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When your faucet handles give you electric shock...

Discussion in 'The Lounge' started by mountainexplorer, Jan 25, 2005.

  1. mountainexplorer

    mountainexplorer 1/2 ton status

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    I would think its a grounding issue, beings that pipes are sometimes used as electrical grounds.

    But our rental house is shocking our renters... and its not just with the low price of the rent. Touch the shower or sink handles and you get zapped. And the power out to the garage also decided to go out around the same time too, without the breaker being the issue.

    Any ideas on the culprit? Underground short?
     
  2. camiswelding

    camiswelding 1/2 ton status

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    broken ground wire to slab or underground... electrical box arcing?

    new ground is easy... copper rod into the ground/ground wire to panel...(check local codes) I would put a meter on the box and see if you can find any juice flowing anywhere
    someone may have mickymoused the plumbing pipes as a ground... not legal ... look for evidence of this under the house... probably near the panel but on someone elses work who knows
    cam
     
  3. justinf

    justinf 1/2 ton status

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    Actually, bonding the copper water pipes to the ground system is legal and should be done, only if it is copper or metal pipe that leaves the house underground.

    Definitely you have a ground problem, or a neutral conductor shorted to ground.
     
  4. Larry_in_Tx

    Larry_in_Tx 1/2 ton status

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    Have the renters complained about any of electrical stuff going out on them, toasters microwave or anything else they have plugged in?
     
  5. mountainexplorer

    mountainexplorer 1/2 ton status

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    No electrical stuff going out yet, except power to the garage went out right after they noticed the problem.
     
  6. Larry_in_Tx

    Larry_in_Tx 1/2 ton status

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    If that’s the case I’d agree with everyone else and say it’s the ground at the panel. I’ve seen people bond the ground to the water pipe even though the metal pipe they see going underground only gets a foot or two down before it ties into PVC or another nonmetallic pipe. This may be the case at you’re place and you’ve lost the ground rod.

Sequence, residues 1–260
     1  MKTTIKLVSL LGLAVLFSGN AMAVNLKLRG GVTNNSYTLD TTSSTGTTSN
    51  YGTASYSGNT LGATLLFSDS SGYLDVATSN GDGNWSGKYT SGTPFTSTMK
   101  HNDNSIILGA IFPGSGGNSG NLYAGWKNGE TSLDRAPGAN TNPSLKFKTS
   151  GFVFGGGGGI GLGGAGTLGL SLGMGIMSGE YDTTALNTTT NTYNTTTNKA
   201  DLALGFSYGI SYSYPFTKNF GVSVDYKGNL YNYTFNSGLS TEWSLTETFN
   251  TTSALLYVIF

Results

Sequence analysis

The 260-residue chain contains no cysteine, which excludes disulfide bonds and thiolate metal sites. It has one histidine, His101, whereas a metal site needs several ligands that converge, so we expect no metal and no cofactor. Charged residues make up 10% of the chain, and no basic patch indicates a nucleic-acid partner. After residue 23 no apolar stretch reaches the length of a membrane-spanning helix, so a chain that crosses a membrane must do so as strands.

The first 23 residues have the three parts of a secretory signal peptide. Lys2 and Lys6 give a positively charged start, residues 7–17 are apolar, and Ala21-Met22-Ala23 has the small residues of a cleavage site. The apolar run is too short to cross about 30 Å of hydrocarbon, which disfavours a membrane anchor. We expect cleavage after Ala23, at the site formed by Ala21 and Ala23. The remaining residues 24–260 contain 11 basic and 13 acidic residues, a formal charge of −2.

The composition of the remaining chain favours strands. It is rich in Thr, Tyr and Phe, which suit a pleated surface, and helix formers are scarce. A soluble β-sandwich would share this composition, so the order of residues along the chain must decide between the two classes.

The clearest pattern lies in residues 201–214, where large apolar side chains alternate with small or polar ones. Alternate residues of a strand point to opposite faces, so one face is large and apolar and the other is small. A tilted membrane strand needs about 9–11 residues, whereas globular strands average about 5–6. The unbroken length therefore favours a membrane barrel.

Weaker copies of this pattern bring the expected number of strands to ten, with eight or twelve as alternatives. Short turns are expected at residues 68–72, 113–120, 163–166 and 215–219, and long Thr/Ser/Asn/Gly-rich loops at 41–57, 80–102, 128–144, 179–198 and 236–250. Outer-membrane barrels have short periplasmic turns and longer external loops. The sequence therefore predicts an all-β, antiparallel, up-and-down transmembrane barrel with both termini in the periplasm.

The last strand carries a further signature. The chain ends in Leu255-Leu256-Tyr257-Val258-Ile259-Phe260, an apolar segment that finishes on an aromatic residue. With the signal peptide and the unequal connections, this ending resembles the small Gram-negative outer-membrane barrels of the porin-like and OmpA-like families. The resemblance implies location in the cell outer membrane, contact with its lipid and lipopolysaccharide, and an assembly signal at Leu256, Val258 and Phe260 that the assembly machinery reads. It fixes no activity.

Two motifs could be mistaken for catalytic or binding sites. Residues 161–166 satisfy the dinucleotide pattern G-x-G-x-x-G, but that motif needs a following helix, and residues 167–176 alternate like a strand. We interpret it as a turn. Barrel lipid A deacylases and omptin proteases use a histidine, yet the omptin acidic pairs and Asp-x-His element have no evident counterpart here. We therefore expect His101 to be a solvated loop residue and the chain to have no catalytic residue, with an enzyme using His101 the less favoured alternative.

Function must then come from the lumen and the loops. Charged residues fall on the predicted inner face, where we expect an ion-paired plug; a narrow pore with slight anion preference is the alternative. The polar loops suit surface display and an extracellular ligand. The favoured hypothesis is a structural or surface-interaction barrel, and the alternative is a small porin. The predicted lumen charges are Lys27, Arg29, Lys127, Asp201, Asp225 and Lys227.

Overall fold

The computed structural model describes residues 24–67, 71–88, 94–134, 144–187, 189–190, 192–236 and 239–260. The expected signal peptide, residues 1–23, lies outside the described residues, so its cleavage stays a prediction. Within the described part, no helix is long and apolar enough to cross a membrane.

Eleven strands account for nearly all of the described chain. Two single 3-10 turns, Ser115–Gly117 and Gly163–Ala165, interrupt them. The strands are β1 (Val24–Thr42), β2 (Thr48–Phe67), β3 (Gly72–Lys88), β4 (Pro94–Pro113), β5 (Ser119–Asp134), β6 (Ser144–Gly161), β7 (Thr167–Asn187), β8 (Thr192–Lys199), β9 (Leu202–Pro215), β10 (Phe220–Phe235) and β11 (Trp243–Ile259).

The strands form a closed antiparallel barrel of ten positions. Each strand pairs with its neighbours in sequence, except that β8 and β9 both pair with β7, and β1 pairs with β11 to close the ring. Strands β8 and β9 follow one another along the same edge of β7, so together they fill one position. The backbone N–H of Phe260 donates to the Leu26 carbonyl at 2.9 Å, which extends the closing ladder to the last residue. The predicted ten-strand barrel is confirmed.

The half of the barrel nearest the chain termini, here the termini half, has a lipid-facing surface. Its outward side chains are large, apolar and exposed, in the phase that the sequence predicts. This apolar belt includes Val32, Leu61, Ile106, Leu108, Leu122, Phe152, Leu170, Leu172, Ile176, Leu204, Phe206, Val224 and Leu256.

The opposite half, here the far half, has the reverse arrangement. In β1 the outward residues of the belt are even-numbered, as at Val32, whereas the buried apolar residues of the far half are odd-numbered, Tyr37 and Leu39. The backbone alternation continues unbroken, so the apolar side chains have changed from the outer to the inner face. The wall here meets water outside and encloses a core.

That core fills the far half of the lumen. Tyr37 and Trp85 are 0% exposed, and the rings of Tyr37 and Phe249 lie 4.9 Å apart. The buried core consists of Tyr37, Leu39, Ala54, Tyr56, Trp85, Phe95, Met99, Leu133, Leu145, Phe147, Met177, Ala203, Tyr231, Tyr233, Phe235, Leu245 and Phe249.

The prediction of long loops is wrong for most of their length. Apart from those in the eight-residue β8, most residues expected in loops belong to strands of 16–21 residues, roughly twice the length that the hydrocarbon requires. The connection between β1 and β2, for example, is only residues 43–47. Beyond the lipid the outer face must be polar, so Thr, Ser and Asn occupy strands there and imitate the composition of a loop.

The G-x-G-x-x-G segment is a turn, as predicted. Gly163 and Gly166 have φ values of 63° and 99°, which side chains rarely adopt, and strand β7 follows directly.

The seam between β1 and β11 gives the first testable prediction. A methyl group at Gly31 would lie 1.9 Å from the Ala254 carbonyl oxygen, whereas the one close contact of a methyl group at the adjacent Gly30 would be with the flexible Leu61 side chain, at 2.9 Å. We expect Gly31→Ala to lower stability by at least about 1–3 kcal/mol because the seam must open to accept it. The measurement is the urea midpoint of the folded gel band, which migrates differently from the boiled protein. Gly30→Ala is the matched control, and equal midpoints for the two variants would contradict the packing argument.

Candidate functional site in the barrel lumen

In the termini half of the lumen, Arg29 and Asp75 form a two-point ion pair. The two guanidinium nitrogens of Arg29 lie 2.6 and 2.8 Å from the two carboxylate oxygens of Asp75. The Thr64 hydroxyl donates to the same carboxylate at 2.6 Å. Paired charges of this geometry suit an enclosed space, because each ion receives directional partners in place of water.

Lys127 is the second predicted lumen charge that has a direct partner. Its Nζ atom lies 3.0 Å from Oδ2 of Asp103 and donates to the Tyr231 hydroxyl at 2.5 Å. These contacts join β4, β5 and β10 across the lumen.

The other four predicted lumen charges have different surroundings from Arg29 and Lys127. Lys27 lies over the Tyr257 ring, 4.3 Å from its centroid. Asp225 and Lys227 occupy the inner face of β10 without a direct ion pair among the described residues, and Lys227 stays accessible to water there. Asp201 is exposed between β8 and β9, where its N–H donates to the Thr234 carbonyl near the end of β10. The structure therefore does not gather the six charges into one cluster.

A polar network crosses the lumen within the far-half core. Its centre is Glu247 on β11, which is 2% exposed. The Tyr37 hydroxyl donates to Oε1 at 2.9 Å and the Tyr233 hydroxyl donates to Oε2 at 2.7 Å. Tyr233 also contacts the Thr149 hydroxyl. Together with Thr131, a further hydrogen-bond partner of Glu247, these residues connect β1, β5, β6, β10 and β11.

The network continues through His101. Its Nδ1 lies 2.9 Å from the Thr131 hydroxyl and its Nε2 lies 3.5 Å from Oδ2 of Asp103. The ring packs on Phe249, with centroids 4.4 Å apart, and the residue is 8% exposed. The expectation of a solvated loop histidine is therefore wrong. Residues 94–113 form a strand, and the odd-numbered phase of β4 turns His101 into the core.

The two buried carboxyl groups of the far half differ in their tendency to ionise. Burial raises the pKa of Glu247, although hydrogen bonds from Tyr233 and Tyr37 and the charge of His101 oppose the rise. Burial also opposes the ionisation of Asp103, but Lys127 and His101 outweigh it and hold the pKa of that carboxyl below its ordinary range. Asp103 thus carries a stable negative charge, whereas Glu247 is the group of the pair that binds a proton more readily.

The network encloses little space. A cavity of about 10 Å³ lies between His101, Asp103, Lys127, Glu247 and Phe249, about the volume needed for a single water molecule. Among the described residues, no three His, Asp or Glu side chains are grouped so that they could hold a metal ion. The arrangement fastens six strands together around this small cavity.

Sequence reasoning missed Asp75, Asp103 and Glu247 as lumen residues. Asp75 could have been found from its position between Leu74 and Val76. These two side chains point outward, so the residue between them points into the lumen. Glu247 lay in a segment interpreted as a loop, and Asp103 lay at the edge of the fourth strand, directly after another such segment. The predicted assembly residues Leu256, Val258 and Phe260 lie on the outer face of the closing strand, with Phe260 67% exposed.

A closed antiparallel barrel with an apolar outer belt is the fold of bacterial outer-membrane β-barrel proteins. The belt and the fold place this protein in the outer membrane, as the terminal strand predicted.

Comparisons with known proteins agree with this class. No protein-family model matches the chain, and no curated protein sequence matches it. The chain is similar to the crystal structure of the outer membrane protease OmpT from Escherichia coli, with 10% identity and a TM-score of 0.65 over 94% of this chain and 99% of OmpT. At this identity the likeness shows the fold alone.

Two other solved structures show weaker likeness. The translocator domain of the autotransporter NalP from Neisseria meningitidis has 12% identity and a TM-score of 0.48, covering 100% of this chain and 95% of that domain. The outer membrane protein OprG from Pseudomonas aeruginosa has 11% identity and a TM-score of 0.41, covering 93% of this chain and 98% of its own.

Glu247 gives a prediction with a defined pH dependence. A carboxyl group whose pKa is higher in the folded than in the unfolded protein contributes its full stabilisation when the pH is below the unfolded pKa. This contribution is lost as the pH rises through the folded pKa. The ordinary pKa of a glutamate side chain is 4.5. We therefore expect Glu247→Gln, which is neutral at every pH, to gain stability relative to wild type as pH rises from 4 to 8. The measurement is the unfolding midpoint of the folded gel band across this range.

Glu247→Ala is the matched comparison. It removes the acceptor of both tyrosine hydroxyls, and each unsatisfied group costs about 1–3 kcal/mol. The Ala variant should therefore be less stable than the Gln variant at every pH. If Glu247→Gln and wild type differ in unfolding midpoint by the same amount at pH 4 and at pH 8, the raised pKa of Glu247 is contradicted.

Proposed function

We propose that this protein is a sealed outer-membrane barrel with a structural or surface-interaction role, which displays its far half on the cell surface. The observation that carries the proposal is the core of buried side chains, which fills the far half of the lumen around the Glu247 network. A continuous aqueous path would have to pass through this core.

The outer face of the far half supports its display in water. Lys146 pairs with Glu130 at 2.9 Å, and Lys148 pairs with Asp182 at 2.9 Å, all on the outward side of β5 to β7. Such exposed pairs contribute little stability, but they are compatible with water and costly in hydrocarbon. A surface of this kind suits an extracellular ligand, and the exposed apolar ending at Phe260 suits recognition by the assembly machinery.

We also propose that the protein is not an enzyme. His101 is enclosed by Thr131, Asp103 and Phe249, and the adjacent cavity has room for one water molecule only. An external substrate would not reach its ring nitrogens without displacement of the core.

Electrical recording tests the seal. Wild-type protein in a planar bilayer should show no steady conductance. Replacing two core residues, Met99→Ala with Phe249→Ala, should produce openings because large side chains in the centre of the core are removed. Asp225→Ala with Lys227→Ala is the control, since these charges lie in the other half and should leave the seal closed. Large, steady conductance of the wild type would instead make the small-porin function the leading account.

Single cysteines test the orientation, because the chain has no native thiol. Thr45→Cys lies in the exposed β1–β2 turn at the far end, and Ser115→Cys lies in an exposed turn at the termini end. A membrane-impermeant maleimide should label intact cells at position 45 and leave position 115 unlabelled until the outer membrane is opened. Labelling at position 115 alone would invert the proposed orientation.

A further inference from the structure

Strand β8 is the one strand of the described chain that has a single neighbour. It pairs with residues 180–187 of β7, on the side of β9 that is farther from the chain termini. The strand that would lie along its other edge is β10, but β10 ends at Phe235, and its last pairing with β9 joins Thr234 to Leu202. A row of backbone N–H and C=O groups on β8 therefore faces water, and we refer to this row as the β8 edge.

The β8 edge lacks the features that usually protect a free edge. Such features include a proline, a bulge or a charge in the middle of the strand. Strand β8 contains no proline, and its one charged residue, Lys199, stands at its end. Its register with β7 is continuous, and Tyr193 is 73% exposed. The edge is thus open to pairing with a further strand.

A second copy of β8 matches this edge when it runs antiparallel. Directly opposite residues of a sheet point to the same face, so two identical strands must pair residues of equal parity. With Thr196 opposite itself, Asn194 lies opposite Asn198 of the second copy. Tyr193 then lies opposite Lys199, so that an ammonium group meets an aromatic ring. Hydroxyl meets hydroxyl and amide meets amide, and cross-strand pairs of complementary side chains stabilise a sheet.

This is why I asked about there junk in the house. You get a floating neutral when you loose the ground and get some goofy voltages at the receptacles that will burn chit up. It could be at you’re panel or at the power company’s x-frmr but it doesn’t always eat up appliances when you loose it at the house.

    I say check it out at the panel and you’ll probably find the problem.


     
  7. 88Silverado

    88Silverado 1/2 ton status

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    You got an opened Neutral somewhere so the metal pipes, structures, etc. that are tied to the ground/neutral system are carrying the return currents.
    The copper water pipes are routinely tied to the service ground panel where the neutral is also tied.

    This is a VERY UNSAFE CONDITION.... I would STRONGLY recommend calling an electrician to find and fix it before some one gets killed or something catches fire!

    If this is in your rental you have a Major Liability waiting to happen.
    If someone is barefoot getting out of the shower with wet feet and they provide a lower ground resistance than your pipes and they touch a faucet they can be killed. GET IT FIXED!


    Took me a few minutes but heres a good link to kinda explain whats going on.
    http://www.ecmweb.com/mag/electric_open_service_neutrals/
     
  8. eclipse

    eclipse 1/2 ton status

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    Haha... thats just a way to conserve water :grin:
     
  9. Ruthven13

    Ruthven13 1/2 ton status

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    Seems like brushing your teeth just got more interesting! Apparently they have the same problem in NYC with the sidewalks. There have been several cases lately of people and dogs getting serious shocks just by walking down the sidewalk! As if the city wasn't scary enough!
     
  10. CyberSniper

    CyberSniper 1/2 ton status Premium Member

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    Yeah, pound a couple new rods in the ground and hook it one to the neutral and ground bus. A bunch of different stuff could've happened. Most likely, the normal neutral took a dump. Also, there could be no neutral and it's all going through the power company which isn't good.

    Trip the breaker to the garage door opener and see if you still get shocked. I've had old garage door openers that when they went bad provided hot to the garage door and everything it touched (all the way back to the ground). It made it interesting when you touched the garage door.
     
  11. mountainexplorer

    mountainexplorer 1/2 ton status

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    Well, theres no garage door opener. Just lights. And theres no power out to the garage since this happened. It just shut off somewhere between the breaker and the garage.
     

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